Anyway, this weekend I'm going to the 7th Annual Metro NY Charter School Career Fair (http://www.charterschooljobs.com/) -- hopefully I'll get some interviews out of it!

Monday, March 2, 2009

Doing the beautiful

Mysticism and Esoteric Tradition in World Religions. That's the name of the continuing ed class I'm taking right now. (Another good title would be Comparative Religions 2: The Mystic Years. ) I'm really enjoying it. On the first night, the professor defined mysticism as union with the absolute reality -- in other words, pure being. She talked about how mysticism has similar features among the different religious traditions, and the idea that there's a 'collective unconscious' leading to those similarities.

"There are no final answers about mysticism or religion," the professor said, "but that doesn't mean the questioning is not worthwhile." She then read this quote from "Letters to a Young Poet," written by the poet Rainer Maria Rilke in 1903: "Have patience with everything unresolved in your heart and to try to love the questions themselves as if they were locked rooms, or books written in a very foreign language. Don't search for the answers, which could not be given to you now, because you would not be able to live them. And the point is to live everything. Live the questions now. Perhaps then, someday far in the future, you will gradually, without even noticing it, live your way into the answer."

I love that.

This week I stumbled onto the most beautiful phrase while reading a selection for class on Sufis (the mystics of Islam) from William C. Chittick's book "Sufism: A Short Introduction." Chittick explains that Islam has three basic dimensions: "submission" (islam), "faith" (iman), and "doing the beautiful" (ihsan). "Doing the beautiful" -- isn't that a wonderful expression?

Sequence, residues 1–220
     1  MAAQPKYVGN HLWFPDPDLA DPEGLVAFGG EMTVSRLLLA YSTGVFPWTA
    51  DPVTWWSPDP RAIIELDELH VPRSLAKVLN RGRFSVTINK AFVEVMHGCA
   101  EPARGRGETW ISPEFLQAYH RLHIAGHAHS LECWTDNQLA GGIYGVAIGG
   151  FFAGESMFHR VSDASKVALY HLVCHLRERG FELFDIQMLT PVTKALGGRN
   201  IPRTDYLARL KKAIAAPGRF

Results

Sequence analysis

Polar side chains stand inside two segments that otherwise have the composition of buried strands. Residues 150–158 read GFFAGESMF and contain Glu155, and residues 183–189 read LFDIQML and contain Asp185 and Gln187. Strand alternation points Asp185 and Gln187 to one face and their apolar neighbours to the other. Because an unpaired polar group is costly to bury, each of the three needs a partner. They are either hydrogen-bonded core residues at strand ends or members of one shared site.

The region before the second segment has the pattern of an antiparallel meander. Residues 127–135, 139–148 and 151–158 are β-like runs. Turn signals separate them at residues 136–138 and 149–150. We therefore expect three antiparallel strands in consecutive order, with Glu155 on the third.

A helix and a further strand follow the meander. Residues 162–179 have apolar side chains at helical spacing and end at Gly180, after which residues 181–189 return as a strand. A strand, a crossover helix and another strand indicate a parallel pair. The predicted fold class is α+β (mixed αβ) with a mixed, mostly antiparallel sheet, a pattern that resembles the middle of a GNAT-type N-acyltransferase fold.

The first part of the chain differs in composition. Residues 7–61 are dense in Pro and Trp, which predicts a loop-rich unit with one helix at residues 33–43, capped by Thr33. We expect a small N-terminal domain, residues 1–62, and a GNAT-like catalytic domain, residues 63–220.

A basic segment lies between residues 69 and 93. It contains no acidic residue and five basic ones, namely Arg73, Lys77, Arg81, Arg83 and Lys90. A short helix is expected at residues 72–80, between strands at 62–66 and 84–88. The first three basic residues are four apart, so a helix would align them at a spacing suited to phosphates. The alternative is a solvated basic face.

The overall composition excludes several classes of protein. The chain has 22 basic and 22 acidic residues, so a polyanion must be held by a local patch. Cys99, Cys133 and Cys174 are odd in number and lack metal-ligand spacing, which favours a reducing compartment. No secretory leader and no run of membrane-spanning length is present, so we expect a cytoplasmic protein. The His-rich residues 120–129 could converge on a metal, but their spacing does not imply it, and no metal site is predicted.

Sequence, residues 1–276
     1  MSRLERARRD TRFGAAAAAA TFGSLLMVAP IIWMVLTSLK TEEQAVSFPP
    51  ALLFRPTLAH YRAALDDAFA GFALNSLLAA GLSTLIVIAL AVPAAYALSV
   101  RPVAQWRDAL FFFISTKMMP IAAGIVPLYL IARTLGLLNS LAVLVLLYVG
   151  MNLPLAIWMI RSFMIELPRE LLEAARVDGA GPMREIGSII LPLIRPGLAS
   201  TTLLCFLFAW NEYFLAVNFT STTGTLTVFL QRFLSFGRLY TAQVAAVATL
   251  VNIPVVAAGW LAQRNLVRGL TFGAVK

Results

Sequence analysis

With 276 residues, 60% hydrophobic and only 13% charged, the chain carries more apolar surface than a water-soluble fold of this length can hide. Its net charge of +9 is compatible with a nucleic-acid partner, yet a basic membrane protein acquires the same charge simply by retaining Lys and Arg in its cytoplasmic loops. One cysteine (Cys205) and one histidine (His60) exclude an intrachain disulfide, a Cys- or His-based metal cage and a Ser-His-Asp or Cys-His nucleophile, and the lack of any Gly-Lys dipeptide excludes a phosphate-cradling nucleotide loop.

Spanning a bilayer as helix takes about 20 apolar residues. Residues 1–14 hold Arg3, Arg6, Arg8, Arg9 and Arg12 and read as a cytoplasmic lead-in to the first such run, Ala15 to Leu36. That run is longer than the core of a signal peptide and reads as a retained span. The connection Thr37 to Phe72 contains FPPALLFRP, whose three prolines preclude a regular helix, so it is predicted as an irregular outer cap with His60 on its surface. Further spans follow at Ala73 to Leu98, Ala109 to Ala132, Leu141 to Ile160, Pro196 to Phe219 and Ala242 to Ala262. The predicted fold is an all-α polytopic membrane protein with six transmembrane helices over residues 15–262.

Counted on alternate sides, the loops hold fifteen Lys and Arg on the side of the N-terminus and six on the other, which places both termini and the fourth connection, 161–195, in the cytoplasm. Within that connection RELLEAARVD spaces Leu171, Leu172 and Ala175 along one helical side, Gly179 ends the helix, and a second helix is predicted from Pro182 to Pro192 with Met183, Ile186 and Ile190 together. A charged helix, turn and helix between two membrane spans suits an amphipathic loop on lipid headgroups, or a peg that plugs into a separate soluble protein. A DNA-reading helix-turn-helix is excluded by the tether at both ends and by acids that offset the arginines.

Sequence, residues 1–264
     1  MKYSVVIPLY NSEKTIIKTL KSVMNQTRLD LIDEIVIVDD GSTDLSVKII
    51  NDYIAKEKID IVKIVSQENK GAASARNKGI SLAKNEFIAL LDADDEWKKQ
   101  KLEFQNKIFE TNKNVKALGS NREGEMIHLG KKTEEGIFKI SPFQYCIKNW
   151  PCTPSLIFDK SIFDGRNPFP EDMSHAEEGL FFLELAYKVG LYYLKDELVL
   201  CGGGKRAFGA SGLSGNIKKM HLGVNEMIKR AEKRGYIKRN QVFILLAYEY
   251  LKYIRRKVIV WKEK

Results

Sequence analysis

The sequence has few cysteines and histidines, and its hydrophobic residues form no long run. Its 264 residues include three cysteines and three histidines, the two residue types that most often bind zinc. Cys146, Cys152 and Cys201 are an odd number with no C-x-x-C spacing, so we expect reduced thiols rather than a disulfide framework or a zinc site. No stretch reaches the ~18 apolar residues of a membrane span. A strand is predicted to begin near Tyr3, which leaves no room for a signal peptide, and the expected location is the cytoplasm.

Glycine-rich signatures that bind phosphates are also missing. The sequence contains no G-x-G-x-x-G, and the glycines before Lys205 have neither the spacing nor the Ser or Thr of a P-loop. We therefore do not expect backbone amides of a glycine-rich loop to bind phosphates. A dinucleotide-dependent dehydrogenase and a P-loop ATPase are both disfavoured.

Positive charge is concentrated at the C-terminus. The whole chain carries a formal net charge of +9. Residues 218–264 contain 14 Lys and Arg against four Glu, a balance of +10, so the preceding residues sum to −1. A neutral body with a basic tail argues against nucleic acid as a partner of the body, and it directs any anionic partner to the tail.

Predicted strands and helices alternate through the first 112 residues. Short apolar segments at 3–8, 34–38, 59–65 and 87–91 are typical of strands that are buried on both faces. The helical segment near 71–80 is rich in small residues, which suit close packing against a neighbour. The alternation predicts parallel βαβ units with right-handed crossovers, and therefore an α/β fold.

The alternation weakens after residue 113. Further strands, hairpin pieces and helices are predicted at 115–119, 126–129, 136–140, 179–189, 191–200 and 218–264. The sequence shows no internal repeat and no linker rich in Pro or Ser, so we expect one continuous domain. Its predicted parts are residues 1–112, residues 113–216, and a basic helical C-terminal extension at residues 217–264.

Chittick writes: "The Prophet Muhammed...said that doing the beautiful is to 'worship God as if you see Him, for even if you do not see Him, He sees you'...It is the Sufis who take doing the beautiful as their own special domain...Both mercy and love are said to be the cause of creation. According to the great Sufi theoretician Ibn Arabi (d. 1240), the divine mercy that gives rise to the universe is existence itself. The very act of bringing things into existence is an act of gentleness and love. The same point is made in terms of love in a saying constantly quoted in Sufi texts: 'I was a hidden treasure,' God says, 'so I loved to be known. Hence I created the creatures that I might be known.'"

Makes a strong case for a benevolent God, doesn't it? You don't usually create something just to hurt it or destroy it. Chittick goes on to say that "human love makes itself known in sincerity of devotion to the One God. The greater the love, the greater the degree of participation in the divine image, and the greater the degree of human perfection. Hence 'love' is often taken as a synonym for doing the beautiful."

Doing the beautiful. I can't wait to read more about it.